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Study reveals atrial fibrillation-related strokes can be prevented

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Atrial fibrillation or AF is a heart condition characterized by irregular heart rhythms, which increases the risk of stroke caused by blood clots by five-fold. According to a 2015 study published on National Center for Biotechnology Information’s website, strokes due to AF are more severe, causing disability in over 50 percent of patients. 

Study reveals atrial  fibrillation-related strokes  can be prevented
Atrial fibrillation or AF is one of the leading causes of severe strokes in Asia.

It is one of the leading causes of severe strokes in Asia. The Department of Health said diseases of the vascular system, including stroke, which is a complication of non-valvular atrial fibrillation, is the second leading cause of mortality in the Philippines, after diseases of the heart. AF occurs in 2 percent of Filipinos above 70 years old based on a national survey conducted by the DOH and the Food and Nutrition Research Institute.

The prevalence of AF increases with age, hence it is a growing concern in Asia due to the region’s rapidly aging population. It is estimated that in 2050, Asia will have 72 million AF patients, and 2.9 million of them will suffer from an AF-associated stroke. 

A recent real-world study on the Prevention of Stroke in Patients with AF in Asia followed 2,273 Asian patients from 435 sites across Hong Kong SAR, Indonesia, South Korea, Malaysia, Philippines, Singapore, Taiwan, Thailand, Vietnam, and Pakistan in routine clinical practice. 

Elderly patients, with an average age of 70.5 years old, were observed. The participants have varying levels of stroke risk, with significant medical co-morbidities including heart failure, hypertension, diabetes mellitus, prior stroke/systemic embolism/transient ischemic attack, and myocardial infarction.

The study showed AF-related strokes can be prevented. Good results of a low bleeding rate of 1.5 percent per year and low stroke rate of 1.7 percent per year were recorded in AF patients treated with non-vitamin K antagonist oral anticoagulant (NOAC) Rivaroxaban.

Over 96 percent of patients treated with Rivaroxaban in the study did not experience any major bleeding, stroke/systemic embolism, or all-cause death, thereby reinforcing the safety and efficacy of Rivaroxaban among unselected patients in the real world. 

This was despite the underlying fact that based on epidemiologic studies, having an Asian ethnicity has been associated with both a higher risk for stroke and intracranial hemorrhage/bleeding.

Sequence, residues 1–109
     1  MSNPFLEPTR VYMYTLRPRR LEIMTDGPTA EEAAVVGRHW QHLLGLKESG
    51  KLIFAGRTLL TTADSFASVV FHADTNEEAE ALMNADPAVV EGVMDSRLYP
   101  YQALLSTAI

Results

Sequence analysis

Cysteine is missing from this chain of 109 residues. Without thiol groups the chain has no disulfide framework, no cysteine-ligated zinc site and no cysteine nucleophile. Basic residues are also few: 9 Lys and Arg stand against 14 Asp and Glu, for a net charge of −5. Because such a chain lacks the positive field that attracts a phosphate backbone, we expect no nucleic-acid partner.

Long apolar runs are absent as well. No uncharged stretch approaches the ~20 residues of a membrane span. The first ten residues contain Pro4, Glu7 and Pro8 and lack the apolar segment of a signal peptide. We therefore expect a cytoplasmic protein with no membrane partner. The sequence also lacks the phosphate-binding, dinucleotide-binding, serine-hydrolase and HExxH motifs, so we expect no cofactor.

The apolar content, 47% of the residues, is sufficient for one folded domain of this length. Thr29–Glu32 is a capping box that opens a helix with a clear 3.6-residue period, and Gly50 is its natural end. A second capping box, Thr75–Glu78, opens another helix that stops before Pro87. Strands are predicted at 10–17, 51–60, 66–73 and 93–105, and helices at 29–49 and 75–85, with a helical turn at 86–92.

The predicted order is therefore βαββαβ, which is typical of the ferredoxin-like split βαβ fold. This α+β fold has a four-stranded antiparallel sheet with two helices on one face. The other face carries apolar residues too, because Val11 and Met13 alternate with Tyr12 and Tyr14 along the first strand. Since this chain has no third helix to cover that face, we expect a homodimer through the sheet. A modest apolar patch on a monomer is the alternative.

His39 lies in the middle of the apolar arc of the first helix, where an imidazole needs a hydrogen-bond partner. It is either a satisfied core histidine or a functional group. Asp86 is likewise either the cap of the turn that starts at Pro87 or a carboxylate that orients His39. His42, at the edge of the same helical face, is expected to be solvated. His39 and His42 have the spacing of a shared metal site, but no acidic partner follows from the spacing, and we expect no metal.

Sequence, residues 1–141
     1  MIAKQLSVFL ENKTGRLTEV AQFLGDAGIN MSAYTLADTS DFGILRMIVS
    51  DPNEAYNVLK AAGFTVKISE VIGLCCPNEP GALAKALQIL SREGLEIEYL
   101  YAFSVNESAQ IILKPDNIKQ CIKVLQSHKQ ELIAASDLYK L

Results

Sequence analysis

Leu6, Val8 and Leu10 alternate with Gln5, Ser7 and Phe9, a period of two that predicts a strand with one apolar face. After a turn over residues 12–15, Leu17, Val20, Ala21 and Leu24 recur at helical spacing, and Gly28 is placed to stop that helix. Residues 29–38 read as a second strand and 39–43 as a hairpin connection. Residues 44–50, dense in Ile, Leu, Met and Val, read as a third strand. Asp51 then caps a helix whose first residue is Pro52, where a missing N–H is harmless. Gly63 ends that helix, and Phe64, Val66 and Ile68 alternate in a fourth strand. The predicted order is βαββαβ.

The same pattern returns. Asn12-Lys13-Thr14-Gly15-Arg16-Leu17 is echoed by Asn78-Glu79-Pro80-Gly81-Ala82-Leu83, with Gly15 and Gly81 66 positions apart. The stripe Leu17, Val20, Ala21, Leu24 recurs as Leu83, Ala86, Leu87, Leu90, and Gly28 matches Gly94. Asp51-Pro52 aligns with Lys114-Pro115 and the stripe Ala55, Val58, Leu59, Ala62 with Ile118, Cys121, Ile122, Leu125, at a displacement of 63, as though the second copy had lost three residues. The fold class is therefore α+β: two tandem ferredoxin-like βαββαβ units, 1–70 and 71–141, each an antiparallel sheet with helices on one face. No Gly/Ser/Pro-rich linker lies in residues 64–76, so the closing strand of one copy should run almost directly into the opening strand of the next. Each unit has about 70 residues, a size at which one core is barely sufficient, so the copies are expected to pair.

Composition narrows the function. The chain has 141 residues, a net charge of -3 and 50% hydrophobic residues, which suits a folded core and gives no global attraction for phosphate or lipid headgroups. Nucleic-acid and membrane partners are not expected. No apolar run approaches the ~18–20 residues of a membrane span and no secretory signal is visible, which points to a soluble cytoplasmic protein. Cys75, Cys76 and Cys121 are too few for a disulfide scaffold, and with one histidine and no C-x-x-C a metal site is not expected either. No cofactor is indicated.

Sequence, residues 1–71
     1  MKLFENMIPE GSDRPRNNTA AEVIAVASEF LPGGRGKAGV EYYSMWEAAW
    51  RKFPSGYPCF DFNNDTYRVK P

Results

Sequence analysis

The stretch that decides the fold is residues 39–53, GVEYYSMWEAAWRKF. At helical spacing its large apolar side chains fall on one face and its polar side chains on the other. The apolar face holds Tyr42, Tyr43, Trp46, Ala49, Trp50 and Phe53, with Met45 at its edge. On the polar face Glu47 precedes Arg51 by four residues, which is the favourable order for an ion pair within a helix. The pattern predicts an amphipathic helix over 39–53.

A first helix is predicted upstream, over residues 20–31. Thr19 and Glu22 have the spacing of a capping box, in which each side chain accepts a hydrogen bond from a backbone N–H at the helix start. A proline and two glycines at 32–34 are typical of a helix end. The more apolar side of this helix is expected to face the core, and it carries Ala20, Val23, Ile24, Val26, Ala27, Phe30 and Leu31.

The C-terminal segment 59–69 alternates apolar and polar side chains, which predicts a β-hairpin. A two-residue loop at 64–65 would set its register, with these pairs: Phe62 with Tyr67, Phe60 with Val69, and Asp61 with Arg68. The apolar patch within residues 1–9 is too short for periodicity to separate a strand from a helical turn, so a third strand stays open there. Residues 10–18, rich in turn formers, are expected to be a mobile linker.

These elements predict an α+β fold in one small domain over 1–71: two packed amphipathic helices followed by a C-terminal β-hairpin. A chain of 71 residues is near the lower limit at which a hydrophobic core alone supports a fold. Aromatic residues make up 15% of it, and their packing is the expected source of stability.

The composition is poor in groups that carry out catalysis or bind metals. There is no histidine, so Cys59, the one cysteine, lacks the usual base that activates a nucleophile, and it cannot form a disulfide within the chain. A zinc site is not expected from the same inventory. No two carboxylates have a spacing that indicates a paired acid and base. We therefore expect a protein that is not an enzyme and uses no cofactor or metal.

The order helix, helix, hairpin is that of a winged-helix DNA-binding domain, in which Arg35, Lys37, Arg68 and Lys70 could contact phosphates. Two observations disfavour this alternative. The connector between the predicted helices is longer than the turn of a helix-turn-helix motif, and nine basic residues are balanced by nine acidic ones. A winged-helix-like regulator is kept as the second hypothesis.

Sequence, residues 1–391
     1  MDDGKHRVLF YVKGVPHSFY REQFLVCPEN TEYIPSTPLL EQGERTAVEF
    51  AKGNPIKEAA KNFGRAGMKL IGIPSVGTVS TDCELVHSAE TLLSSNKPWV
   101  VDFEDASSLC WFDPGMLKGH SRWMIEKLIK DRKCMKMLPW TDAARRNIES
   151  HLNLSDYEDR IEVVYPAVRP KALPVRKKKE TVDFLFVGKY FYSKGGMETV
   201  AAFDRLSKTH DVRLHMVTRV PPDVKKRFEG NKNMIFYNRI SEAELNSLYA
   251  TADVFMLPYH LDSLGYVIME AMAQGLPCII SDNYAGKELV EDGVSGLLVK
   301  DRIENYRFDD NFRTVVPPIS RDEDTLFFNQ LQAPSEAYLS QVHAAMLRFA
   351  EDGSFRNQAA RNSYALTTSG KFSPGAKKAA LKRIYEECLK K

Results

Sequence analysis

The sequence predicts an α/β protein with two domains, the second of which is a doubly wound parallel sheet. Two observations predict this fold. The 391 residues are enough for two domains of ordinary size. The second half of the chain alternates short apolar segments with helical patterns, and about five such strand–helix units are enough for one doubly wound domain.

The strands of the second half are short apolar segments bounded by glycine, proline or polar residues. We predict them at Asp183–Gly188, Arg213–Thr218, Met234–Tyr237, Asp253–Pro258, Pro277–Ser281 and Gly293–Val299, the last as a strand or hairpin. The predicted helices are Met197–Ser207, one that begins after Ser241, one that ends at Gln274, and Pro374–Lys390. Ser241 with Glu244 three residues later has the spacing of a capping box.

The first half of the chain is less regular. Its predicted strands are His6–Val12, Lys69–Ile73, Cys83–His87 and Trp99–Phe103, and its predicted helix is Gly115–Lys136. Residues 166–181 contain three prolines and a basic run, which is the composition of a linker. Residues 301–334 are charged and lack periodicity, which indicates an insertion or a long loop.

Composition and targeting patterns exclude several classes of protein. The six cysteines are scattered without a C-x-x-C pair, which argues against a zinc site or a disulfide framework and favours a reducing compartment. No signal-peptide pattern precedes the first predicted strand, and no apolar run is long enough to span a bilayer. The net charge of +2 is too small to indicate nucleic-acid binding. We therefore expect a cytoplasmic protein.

However, there is still a significant number of AF patients in Asia not receiving optimal anticoagulant therapy for stroke prevention.

“While NOACs offer a new standard of care in preventing AF-related strokes, major bleeding is a key consideration of doctors when prescribing NOACs for AF patients. This data confirm the low bleeding risk of Rivaroxaban in Asian patients, thus reaffirming its positive benefit/risk profile, and demonstrate its value in preventing the negative impact of stroke on patients and society,” said XANAP principal investigator, Professor Young-Hoon Kim of Korea University Medical Centre.  

NOACs like Rivaroxaban (Xarelto) match Warfarin in stroke prevention, but are easier to administer and significantly reduce the risk of life-threatening bleeding, particularly skull bleeding. Regular tweaking is not required and dietary restrictions and interactions with other substances are few and insignificant.  

Anticoagulant medicines are potent therapies used to prevent or treat serious illnesses and potentially life-threatening conditions. Before initiating therapy with anticoagulant medicines, physicians should carefully assess the benefit and risk for the individual patient.

“It is important to consider a patient’s individual risk factors to prescribe the right NOAC to the right patient for AF stroke prevention,” noted Professor Chia-Ti Tsai of National Taiwan University Hospital, another XANAP principal investigator.

Tsai continued, “Rivaroxaban’s robust experience and evidence in patients across different risk profiles, including those with high stroke risk, will best support doctors and patients in their treatment decision in AF management. The positive data of XANAP further add to this and reaffirm the proven safety profile of Rivaroxaban in Asian patients.”

Responsible use of Rivaroxaban (Xarelto) is a very high priority for Bayer, and the company has developed a Prescribers Guide for physicians and a Rivaroxaban (Xarelto) Patient Card for patients to support best practice.”‹


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